In many respects, the Pro70 – Canon’s enthusiast-level camera of its day – is stupendously primitive. There’s no way to control shutter speed, no way to manually select the second of its ISO settings (100/200 in full res, 200/400 in low-res mode) and no way to influence white balance at all. Or, as Phil put it: ‘Good manual control features (aperture priority mode).’

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And yet, for all that it would be easy to ridicule the Pro70 and 1998 Phil’s lack of clairvoyance, I still had moments that made me realize just how exciting the camera must have been. Just look at that design: it’s probably not the prettiest thing you’ve ever seen, but it’s different. It’s a product of an era when companies were trying to work out what a camera a without a roll of film should look like, before it became apparent that a lot of us wanted cameras that looked like those of 1960s.

And, while it’s easy to joke about what the Pro70 is missing, it’s also worth looking at what it had. For a start there’s a Type 1/2 (~6.7×4.5mm) sensor, which was pretty big compared to what would come later, and, as Phil pointed out, it was in the 3:2 aspect ratio: ‘same as 35mm film.’ There was also a 28-70mm equivalent lens with F2.0-2.4 maximum aperture, which is a good way to make the most of the sensor. It had a pretty decent zooming optical viewfinder, which no doubt added to the cost. But, most of all, it shot Raw, which is not a feature I’d take for granted in a camera from 1998.

Canon PowerShot Pro70 studio scene

OK, so it’s not the most detailed result, but it has to be said, the results aren’t terrible (even if the shooting experience was more like trying to wrestle an image out of a digital watch: pressing a series of unmarked buttons in sequence and hoping for the intended outcome).

In fact, I’d go further. Compare the Raw results and it becomes apparent just how good the JPEG engine is. Even without any control over white balance, it’s done a pretty good job, and the amount of detail it’s pulled out of the scene goes way beyond what ACR has managed.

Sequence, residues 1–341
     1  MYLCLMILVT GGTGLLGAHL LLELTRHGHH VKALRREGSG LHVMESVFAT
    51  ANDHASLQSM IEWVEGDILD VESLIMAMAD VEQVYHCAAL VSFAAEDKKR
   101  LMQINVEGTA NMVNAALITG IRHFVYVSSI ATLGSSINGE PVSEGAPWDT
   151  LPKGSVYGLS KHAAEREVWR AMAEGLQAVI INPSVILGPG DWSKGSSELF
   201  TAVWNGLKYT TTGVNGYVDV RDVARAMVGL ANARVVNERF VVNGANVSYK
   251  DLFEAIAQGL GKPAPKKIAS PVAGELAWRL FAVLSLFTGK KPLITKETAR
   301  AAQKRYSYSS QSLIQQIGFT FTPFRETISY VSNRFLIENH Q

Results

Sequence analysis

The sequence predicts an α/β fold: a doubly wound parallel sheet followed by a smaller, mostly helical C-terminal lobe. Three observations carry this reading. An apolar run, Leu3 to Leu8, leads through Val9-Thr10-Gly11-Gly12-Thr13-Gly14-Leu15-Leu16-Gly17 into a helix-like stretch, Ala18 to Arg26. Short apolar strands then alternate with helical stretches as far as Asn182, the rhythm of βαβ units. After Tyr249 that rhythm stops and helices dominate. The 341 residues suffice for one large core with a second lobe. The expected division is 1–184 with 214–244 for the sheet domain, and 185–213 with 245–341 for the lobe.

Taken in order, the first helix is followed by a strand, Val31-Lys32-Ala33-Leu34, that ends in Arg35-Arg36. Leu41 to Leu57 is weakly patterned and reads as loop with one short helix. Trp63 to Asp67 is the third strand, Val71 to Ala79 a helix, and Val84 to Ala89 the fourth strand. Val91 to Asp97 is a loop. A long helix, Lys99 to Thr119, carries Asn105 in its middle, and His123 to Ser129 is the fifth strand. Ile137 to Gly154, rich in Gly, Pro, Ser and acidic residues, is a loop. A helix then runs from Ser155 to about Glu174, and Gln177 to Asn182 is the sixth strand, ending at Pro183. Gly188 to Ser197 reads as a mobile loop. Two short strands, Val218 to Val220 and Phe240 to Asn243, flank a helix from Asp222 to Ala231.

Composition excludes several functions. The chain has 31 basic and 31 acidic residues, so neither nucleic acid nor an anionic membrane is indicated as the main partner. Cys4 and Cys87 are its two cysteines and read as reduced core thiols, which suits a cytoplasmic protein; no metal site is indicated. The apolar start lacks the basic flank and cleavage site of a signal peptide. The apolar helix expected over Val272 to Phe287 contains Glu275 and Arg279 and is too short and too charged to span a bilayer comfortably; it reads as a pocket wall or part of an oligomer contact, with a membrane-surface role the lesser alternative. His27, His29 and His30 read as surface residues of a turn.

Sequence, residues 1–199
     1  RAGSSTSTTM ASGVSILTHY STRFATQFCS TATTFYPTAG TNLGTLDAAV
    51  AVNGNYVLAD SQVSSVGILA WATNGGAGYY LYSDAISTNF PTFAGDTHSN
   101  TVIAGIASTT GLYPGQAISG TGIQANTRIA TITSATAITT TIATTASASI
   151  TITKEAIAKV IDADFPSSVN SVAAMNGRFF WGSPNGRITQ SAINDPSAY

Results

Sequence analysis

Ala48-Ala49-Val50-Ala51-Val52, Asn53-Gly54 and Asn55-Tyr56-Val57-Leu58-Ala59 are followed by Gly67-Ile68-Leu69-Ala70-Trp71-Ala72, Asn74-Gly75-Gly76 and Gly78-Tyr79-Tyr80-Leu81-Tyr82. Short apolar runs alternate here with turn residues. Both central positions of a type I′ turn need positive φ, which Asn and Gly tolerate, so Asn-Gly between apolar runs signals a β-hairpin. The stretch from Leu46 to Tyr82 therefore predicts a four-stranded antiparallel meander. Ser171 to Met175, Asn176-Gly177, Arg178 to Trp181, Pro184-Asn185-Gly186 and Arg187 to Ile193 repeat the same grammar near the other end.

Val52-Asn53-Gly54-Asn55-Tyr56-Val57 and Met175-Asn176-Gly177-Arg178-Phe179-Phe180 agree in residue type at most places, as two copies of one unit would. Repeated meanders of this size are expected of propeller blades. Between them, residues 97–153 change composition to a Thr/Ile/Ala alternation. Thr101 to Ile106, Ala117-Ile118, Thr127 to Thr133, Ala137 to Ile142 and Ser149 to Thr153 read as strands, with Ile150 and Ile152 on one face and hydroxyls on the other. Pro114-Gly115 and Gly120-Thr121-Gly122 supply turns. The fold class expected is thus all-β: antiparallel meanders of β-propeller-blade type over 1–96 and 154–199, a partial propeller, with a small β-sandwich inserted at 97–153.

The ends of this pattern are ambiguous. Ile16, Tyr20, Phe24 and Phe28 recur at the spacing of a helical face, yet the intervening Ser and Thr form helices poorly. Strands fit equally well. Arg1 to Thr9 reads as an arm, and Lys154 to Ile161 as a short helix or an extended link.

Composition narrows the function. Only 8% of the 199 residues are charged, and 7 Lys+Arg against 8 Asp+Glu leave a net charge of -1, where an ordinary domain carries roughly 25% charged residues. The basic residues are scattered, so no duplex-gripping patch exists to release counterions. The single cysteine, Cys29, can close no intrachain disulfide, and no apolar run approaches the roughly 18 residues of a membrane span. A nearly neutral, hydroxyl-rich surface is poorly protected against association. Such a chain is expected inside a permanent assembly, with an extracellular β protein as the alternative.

The difference is even more stark in the dark, where the color in the Raws gets very strange (I have to assume ACR isn’t well profiled for the Pro70’s Cyan, Yellow, Green, Magenta color filter array). The camera’s JPEG engine does well, though, even by modern standards.

That aspect really jumped out at me. For all that the Pro70 feels like a museum piece in some regards, it’s also apparent that Canon’s JPEG color processing has been very good for more than two decades. Color response (now marketed as ‘color science’ all too often) is something some major brands have only really resolved quite recently, and yet the Pro70 shows that Canon got there a quarter of a century ago.

Image quality has made tremendous strides since the Pro70 was launched. We take for granted dynamic range capture that’s beyond what our monitors can easily convey and have seen both pixel counts and detail capture race ever forward. The highest resolution camera in our test scene is the 150MP version of the Phase One IQ4: a camera with essentially 100 times the pixel count of the Pro70. has watched, tested and reported on every step of that journey.

Phil concluded his Pro70 review by saying: ‘At the end of the day it comes down to the quality of the pictures a camera takes, and this camera takes VERY good pictures.’ Calling these images ‘VERY good’ now seems funny, but once upon a time, it was true. And looking back at this first review, the idea of his words being true feels important, too.